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During a Gastric Bypass Bariatric Surgery procedure, a small pouch of stomach is created with a stapling device with keyhole surgery. This pouch is then connected to the small bowel a bit lower down, bypassing approximately the first third of the small bowel.

Gastric Bypass (also called a Roux-en Y Gastric Bypass) is more invasive and more complex than either Gastric Banding or Sleeve Gastrectomy as it combines reducing the size of the stomach with bypassing part of the small bowel.

Gastric bypass allows you to eat much less and absorb fewer calories, but to still enjoy your food and feel satisfied by:

  • Portion control: the pouch has a restrictive effect that allows you to feel full and satisfied with smaller meals and prevents overeating.

  • Hunger control: you feel less hungry in between meals. This operation not only reduces the stomach capacity but also alters appetite by changing the patient's biochemical response to food.

  • Healthier food choices:it changes the way the gut handles sugary and fatty foods, causing reduced desire for these foods and making healthier food choices easier

  • Altered metabolism: it changes the blood levels of metabolically active gut hormones and affects the complex biochemical pathways regulating appetite and metabolism. For example, this leads to changes in blood sugar metabolism independent of weight loss.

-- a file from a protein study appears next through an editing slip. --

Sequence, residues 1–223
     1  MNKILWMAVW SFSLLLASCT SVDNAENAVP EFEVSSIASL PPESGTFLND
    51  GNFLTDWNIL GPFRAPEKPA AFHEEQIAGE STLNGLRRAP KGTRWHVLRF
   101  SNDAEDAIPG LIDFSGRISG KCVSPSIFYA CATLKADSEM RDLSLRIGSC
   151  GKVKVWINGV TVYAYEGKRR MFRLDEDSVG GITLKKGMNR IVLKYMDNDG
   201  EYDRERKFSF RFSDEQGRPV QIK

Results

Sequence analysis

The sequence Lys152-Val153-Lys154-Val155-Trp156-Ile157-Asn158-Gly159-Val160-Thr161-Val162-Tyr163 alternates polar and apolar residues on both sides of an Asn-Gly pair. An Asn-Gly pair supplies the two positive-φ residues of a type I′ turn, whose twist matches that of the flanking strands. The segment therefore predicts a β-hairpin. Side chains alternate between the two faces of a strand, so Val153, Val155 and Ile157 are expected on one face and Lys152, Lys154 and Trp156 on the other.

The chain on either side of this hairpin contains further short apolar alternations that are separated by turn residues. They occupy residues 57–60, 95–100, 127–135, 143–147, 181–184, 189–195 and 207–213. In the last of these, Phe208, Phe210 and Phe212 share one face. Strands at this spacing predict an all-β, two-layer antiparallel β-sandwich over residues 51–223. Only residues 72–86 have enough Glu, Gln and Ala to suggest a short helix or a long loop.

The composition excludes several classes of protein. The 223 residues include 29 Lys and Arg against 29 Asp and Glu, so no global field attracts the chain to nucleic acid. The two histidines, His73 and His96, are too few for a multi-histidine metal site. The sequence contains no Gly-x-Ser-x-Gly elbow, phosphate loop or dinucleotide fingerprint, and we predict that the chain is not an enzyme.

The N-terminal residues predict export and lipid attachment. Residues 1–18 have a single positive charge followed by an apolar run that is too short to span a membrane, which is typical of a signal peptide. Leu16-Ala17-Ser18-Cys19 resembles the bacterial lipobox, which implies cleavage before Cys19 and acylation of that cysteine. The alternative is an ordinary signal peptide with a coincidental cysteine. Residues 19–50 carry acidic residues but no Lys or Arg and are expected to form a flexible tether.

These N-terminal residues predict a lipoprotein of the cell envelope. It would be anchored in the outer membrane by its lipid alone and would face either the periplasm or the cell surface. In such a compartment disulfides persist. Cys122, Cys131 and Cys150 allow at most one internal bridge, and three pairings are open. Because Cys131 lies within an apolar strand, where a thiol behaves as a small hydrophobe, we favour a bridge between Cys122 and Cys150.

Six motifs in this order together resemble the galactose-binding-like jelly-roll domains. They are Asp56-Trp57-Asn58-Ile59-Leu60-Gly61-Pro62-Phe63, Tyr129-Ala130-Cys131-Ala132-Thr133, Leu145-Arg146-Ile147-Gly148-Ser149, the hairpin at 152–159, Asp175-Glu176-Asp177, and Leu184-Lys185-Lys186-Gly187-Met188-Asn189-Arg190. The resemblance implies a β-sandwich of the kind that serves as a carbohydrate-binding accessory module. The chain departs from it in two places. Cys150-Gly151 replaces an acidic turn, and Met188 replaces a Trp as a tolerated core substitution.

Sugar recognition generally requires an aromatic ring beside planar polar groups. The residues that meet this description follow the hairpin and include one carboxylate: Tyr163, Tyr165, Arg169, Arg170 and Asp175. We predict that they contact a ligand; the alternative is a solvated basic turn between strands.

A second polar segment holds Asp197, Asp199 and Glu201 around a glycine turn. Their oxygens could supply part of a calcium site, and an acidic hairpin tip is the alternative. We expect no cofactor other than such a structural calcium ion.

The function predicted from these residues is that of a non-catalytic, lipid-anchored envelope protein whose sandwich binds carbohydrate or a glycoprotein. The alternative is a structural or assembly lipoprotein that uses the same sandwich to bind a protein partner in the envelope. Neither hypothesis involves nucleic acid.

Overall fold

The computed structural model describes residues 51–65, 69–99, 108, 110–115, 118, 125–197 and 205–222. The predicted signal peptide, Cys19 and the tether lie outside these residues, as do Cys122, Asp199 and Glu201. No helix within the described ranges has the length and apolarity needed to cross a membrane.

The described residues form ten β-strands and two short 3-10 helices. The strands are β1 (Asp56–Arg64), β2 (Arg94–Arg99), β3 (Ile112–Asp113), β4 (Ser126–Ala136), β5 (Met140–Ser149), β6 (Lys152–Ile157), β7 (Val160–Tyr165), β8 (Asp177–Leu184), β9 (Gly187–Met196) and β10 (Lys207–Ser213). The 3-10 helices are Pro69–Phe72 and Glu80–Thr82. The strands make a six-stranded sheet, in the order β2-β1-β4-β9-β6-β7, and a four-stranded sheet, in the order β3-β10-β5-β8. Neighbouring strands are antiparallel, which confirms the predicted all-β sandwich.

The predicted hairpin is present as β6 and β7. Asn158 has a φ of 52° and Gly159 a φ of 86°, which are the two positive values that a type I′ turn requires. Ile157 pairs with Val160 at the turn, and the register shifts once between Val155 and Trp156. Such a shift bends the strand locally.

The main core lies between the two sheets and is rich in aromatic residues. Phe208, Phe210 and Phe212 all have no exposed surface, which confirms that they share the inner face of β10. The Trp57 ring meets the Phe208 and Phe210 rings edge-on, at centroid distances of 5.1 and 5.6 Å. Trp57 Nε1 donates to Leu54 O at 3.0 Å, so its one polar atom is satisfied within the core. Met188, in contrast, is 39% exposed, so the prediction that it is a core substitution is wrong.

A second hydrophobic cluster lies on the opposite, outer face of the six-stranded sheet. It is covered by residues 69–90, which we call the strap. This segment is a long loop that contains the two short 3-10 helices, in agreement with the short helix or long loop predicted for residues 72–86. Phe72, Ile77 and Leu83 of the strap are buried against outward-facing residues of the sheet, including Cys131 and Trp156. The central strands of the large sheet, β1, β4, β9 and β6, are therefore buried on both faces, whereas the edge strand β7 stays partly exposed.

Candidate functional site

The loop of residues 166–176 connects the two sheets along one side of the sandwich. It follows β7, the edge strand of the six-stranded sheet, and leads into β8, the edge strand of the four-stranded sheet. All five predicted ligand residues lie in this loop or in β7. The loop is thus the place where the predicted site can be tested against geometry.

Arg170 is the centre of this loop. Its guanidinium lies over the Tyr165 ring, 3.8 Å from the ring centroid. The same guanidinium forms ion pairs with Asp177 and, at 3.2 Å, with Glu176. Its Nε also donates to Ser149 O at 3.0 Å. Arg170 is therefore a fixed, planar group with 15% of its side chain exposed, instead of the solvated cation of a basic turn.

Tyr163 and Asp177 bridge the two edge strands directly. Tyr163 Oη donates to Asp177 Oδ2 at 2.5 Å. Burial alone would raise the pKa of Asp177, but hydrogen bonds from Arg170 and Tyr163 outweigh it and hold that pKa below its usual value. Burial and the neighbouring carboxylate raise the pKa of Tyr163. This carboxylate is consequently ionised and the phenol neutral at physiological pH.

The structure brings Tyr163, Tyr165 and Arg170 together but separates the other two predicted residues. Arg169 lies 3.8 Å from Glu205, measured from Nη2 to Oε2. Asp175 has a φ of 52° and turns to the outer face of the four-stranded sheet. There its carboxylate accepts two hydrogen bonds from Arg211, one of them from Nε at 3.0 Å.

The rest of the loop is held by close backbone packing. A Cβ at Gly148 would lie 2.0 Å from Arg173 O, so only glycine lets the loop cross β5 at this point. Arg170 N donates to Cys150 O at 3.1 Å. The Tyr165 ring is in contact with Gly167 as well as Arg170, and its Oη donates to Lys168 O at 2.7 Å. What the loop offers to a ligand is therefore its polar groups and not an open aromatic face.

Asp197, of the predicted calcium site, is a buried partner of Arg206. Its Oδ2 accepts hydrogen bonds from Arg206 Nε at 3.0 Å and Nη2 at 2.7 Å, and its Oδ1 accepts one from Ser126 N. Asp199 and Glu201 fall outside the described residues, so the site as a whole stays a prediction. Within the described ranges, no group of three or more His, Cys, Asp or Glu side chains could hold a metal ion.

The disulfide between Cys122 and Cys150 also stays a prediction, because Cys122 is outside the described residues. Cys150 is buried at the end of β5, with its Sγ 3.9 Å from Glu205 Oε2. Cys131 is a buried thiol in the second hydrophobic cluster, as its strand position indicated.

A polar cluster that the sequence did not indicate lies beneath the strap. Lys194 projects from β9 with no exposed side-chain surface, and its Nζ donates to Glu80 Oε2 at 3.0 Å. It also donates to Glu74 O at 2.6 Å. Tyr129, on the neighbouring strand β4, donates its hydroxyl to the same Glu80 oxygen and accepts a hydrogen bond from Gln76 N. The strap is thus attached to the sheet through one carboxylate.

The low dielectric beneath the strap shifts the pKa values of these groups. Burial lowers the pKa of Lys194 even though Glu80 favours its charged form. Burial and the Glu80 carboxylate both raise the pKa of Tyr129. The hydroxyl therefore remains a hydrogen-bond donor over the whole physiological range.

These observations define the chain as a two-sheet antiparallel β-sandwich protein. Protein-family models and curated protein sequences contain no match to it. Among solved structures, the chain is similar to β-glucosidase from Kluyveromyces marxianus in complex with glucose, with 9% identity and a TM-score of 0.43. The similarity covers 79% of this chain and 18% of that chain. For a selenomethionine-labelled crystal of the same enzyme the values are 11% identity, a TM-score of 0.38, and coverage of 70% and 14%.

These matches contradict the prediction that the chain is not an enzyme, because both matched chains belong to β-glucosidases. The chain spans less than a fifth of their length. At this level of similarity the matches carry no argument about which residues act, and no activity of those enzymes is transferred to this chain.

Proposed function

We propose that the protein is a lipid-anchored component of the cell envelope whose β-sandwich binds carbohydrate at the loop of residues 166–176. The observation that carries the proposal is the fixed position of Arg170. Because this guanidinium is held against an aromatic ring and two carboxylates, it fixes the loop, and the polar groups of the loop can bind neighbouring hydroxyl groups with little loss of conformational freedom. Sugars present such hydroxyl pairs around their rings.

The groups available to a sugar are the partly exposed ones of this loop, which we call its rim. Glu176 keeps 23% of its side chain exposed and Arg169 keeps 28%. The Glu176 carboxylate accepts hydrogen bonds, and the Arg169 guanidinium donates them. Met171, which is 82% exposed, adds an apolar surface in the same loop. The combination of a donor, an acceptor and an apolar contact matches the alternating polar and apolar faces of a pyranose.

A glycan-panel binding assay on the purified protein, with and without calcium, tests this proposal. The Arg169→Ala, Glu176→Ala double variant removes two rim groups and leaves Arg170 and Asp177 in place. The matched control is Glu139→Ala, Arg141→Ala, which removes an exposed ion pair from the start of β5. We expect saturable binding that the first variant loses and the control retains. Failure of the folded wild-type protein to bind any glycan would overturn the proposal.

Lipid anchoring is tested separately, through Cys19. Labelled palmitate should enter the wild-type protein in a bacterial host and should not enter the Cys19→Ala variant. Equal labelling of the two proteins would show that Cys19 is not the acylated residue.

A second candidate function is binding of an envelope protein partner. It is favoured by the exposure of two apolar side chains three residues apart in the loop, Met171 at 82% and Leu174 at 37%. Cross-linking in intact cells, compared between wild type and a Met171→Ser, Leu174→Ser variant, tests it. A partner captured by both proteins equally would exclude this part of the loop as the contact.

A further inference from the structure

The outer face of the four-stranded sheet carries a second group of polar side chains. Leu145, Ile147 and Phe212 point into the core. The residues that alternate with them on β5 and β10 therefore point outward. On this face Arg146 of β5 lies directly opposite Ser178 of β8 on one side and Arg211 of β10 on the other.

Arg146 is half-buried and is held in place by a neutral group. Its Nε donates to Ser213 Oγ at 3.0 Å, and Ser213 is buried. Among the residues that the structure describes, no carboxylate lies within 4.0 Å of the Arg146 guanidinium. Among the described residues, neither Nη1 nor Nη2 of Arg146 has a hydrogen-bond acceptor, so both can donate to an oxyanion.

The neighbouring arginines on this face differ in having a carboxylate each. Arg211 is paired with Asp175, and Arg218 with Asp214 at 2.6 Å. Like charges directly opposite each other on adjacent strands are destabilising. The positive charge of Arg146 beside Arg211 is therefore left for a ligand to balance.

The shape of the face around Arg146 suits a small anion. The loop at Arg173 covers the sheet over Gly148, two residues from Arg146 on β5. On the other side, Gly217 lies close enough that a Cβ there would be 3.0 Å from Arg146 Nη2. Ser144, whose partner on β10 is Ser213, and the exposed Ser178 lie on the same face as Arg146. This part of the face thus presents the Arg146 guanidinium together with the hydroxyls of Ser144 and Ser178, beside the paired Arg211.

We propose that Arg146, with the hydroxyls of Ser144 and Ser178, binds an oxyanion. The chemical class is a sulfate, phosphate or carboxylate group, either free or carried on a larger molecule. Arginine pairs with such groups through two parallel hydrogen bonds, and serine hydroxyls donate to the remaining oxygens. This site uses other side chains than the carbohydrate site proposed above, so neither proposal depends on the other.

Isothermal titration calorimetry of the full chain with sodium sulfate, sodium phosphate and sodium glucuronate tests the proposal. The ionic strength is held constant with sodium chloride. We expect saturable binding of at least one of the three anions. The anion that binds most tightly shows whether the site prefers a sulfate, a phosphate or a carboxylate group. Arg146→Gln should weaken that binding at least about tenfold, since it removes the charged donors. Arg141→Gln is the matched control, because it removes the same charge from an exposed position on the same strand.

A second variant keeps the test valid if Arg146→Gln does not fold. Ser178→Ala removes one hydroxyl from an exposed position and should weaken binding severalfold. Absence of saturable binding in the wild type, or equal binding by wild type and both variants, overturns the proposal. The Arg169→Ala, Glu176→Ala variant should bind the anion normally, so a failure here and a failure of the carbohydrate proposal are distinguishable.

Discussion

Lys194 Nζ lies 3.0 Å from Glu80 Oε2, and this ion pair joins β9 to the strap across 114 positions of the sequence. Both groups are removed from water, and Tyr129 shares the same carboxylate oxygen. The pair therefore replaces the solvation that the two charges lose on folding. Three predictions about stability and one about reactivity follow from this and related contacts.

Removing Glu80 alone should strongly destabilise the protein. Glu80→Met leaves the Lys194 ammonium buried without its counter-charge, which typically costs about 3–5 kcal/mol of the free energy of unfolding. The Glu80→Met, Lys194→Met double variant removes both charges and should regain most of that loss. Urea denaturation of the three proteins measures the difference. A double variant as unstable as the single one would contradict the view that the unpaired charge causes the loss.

• Reduced absorption: the bypass component reduces the amount of calories and nutrients absorbed from food.

Patients typically lose 65-70% of their excess body weight.

By comparison, non-surgical weight loss options achieve an average weight loss of 10%.

Keep in mind; these are only the average weight loss figures.

The best results are achieved when a multidisciplinary team supports patients though both surgical and lifestyle options.


It is an effective weight loss operation, with patients losing more weight after a gastric bypass than after a gastric band
It effectively resolves obesity related health problems A gastric bypass causes rapid resolution oftype 2 diabetes in 80% of patients by the time they are discharged from hospital, and long before significant weightloss occurs. For this reason it is also the best option for people with type 1 diabetes
It is the best weightloss option for people with severe preexisting gastro-oesophageal reflux disease, especially those with Barrett's oesophagus.
It has been the most commonly performed bariatric operation in the United States for last 20 years. Therefore it has a proven track record with long term outcome data being available.


It requires frequent follow up appointments over the short and long term. A gastric bypass carries a higher risk of postoperative complications and long term nutritional deficiencies than does a gastric band or sleeve and therefore requires more frequent monitoring to identify and manage complications early.